William C.C. Chen’s 60 Movements
by Grandmaster William CC Chen
by Grandmaster William CC Chen
My 60 movements are derived from Professor Cheng Man-Ching’s 37 postures. I am using the term movements, which I feel is more descriptive than postures. I modified Prof. Cheng’s short form because during my first decade teaching I was often asked by my students about the “missing parts” of the Yang-style long form. It was not until I had taught for 20 years that I felt confident enough to make a change by adding various parts and removing some repetitions.
The 60 movements I have now adapted remain the same in basic idea and principle. The length remains unchanged, and I count each individual posture and each repetition as a movement. All movements are as slow, soft, and gentle in a continuous flow as Prof. Cheng’s original short form.
However, compared to versions generally taught, my 60 movements are slightly higher in stance and smaller in step. This difference is intentional. In the slow motion of Tai Chi Chuan, body weight is mostly on one leg. If the student is relaxed, as he/she should be, their weight tends to sink down. As a result, it may cause fatigue and exhaustion in the legs, which leads to an unconscious upper body tension. Ultimately this might affect the smooth inner qi energy flow and body coordination.
My higher stances and smaller steps are designed to keep the body more relaxed. It makes it easier to release the crotch鬆胯, bend the knees and slide the tailbone backward while keeping the triceps floating in the air. This releases the tension in the ribcage. The hip-joints creasing and body sinking stabilizes balance and allows the mind to be focused. This contributes to the full commitment of the awareness brain to direct the movement of qi氣.
Qi is an action energy that is directed by the awareness in the brain. Fingers and toes are the remote objectives of the brain. The awareness rises, the toes crunch against the floor and the fingers spiral outward. The Chinese acupuncture diagram refers to the big toe and the thumb as part of the brain. I call the top of head “brain No. 1,” the big toe “brain No. 2,” and the thumb “brain No. 3.” These three brains are the dynamic source of human action.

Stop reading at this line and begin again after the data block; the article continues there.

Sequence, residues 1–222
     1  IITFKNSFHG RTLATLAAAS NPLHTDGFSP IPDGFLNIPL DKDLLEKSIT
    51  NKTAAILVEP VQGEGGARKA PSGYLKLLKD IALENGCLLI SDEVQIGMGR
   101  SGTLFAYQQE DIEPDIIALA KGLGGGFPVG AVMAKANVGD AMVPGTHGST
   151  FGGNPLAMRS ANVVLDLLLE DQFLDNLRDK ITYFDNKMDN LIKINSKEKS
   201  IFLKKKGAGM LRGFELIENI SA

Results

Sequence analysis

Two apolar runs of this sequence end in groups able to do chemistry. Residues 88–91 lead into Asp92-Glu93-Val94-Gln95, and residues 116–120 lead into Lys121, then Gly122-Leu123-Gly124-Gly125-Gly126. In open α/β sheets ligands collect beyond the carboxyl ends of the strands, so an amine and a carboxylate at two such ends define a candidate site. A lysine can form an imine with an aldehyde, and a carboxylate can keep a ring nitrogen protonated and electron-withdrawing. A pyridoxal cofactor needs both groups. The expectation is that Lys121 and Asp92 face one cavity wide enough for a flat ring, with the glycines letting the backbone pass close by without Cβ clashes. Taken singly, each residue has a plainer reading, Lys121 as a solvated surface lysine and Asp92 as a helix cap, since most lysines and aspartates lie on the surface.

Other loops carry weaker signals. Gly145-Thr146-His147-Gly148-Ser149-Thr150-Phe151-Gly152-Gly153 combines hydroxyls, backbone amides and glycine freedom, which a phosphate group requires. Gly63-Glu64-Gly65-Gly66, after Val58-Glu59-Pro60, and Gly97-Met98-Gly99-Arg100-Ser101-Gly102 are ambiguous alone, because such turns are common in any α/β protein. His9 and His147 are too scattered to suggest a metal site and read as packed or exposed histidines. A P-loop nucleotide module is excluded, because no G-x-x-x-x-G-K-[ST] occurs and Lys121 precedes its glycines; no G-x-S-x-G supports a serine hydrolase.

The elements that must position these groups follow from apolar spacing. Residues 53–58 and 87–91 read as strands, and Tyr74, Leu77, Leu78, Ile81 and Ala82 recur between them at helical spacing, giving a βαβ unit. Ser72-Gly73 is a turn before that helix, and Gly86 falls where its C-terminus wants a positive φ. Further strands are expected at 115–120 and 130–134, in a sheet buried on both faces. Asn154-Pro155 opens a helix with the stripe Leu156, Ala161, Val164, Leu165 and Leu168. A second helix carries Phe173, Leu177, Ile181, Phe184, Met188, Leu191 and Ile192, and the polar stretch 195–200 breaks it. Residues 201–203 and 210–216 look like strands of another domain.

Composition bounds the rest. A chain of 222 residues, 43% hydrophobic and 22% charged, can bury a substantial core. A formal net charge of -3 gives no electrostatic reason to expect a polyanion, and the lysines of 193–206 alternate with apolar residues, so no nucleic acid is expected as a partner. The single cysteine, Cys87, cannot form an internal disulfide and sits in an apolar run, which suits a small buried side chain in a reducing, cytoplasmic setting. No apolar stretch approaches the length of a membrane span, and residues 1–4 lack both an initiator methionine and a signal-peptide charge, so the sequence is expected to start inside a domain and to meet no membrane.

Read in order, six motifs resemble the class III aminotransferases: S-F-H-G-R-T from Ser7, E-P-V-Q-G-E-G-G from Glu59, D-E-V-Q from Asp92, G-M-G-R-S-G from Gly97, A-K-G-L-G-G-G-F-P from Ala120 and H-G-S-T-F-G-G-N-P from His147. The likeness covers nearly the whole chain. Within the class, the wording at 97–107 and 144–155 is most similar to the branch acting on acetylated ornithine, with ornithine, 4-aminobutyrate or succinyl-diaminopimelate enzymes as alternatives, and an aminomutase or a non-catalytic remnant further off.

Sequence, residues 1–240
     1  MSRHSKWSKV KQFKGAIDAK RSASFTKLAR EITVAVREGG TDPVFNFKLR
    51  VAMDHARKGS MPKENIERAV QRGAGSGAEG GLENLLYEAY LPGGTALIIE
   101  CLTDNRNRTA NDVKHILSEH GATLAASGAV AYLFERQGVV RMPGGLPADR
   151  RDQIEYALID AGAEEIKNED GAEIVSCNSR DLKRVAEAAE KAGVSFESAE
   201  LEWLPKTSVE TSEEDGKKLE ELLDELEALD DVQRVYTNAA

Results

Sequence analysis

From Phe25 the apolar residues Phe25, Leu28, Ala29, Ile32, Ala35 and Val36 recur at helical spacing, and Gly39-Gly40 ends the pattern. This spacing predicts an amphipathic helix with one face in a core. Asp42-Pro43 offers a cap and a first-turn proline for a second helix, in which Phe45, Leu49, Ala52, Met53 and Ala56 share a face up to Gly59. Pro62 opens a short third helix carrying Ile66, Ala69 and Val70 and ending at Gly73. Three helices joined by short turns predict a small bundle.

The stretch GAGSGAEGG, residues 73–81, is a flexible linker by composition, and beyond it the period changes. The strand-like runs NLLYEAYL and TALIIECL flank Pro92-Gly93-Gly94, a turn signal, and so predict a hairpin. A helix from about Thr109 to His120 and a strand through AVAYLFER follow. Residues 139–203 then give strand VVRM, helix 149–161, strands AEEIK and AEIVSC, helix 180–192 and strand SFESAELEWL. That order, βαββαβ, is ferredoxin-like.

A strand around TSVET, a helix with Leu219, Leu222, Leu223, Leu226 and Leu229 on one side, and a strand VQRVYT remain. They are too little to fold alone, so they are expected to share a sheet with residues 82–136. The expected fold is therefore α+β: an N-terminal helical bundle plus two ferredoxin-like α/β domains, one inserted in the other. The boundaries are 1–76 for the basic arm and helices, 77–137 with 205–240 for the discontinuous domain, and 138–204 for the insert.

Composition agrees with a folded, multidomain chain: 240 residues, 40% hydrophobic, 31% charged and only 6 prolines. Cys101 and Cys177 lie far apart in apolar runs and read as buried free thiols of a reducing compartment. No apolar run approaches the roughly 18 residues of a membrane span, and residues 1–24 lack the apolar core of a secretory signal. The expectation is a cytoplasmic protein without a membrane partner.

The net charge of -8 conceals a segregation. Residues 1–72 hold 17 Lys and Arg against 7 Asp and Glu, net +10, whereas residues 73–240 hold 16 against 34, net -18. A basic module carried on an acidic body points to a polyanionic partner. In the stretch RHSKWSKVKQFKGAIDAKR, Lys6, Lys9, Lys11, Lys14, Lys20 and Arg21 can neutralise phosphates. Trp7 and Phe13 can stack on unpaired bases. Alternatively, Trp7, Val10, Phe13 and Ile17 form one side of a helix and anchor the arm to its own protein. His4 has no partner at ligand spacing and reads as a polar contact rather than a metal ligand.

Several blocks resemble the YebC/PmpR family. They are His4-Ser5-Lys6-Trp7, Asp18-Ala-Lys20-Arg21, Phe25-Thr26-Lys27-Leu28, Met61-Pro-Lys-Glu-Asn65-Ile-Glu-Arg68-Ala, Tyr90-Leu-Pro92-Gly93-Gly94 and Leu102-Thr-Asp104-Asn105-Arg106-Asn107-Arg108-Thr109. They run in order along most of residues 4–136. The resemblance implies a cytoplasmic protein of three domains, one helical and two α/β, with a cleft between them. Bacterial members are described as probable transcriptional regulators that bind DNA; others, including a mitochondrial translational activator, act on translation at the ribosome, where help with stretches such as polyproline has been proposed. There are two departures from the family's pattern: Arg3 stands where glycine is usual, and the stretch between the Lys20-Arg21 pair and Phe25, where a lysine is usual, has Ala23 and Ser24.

Without these dynamic sources, we were not able to build our modern civilization. To integrate these three brains in Tai Chi practice is the basic goal of the martial artist. When the brain is informed by a target, the toes step in and the fingers deliver the knuckles for a punch without any delay.
In the slow motion of Tai Chi Chuan, when the awareness brain is rising, the qi inflates and fingers move as the toes crunch. That is the central point of my 60 movements. The toes crunch, arms float, fingers move and body follows, it appears as if the fingers are dancing. Therefore, I have referred to these movements as “Finger Dancing” for the past 40 plus years.
I emphasize crunching and scooping toes into the ground in my Tai Chi classes. This helps to empower the flow of qi. The deeper the crunch into ground the more qi energy rises into the fingers. That enhances the martial artist’s strength in his/her action.
Crunching the toes builds up the toes’ strength which help us to walk, run and jump. It is very helpful to seniors for maintaining or regaining their walking ability, stabilizing their balance and reducing the fear of falling. Strong toes make the legs strong, which enables an 84-year-old like me to teach all my classes. When I teach for 5 or 6 hours in my annual domestic and oversea workshops I never feel the need to sit. Also, I am very happy that I still able to walk up the 10 floors in my building every day without depending on the elevator. Life is never happier than when one can live independently without depending on help from others.
In addition, the toes crunching against the ground boosts oxygen-enriched blood (氣血) and qi energy, which then penetrates to the toes. This may be considered as a treatment or prevention of diabetic disease. When those who practice for general health and concentrate on energizing their toes through this crunching action, they boost their qi energy streams throughout all meridians, which results in good health and longevity.
<- click here to return